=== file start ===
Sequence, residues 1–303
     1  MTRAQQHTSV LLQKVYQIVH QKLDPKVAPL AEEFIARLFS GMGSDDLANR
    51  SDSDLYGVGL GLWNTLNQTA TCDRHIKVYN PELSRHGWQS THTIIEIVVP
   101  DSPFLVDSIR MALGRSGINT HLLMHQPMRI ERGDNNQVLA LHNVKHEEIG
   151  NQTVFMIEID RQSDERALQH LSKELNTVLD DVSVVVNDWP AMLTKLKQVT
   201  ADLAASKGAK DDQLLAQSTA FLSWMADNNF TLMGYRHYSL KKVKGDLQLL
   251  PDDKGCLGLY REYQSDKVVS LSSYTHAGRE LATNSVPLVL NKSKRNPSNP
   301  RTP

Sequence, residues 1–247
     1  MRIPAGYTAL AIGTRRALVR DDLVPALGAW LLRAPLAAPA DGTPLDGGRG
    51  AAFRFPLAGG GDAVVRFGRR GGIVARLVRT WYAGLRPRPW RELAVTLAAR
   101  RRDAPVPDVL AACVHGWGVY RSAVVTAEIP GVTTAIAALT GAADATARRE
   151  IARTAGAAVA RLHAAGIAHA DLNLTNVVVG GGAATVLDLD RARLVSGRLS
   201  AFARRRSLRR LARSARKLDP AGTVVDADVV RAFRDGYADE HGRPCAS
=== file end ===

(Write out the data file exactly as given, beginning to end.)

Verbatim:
Sequence, residues 1–303
     1  MTRAQQHTSV LLQKVYQIVH QKLDPKVAPL AEEFIARLFS GMGSDDLANR
    51  SDSDLYGVGL GLWNTLNQTA TCDRHIKVYN PELSRHGWQS THTIIEIVVP
   101  DSPFLVDSIR MALGRSGINT HLLMHQPMRI ERGDNNQVLA LHNVKHEEIG
   151  NQTVFMIEID RQSDERALQH LSKELNTVLD DVSVVVNDWP AMLTKLKQVT
   201  ADLAASKGAK DDQLLAQSTA FLSWMADNNF TLMGYRHYSL KKVKGDLQLL
   251  PDDKGCLGLY REYQSDKVVS LSSYTHAGRE LATNSVPLVL NKSKRNPSNP
   301  RTP

Sequence, residues 1–247
     1  MRIPAGYTAL AIGTRRALVR DDLVPALGAW LLRAPLAAPA DGTPLDGGRG
    51  AAFRFPLAGG GDAVVRFGRR GGIVARLVRT WYAGLRPRPW RELAVTLAAR
   101  RRDAPVPDVL AACVHGWGVY RSAVVTAEIP GVTTAIAALT GAADATARRE
   151  IARTAGAAVA RLHAAGIAHA DLNLTNVVVG GGAATVLDLD RARLVSGRLS
   201  AFARRRSLRR LARSARKLDP AGTVVDADVV RAFRDGYADE HGRPCAS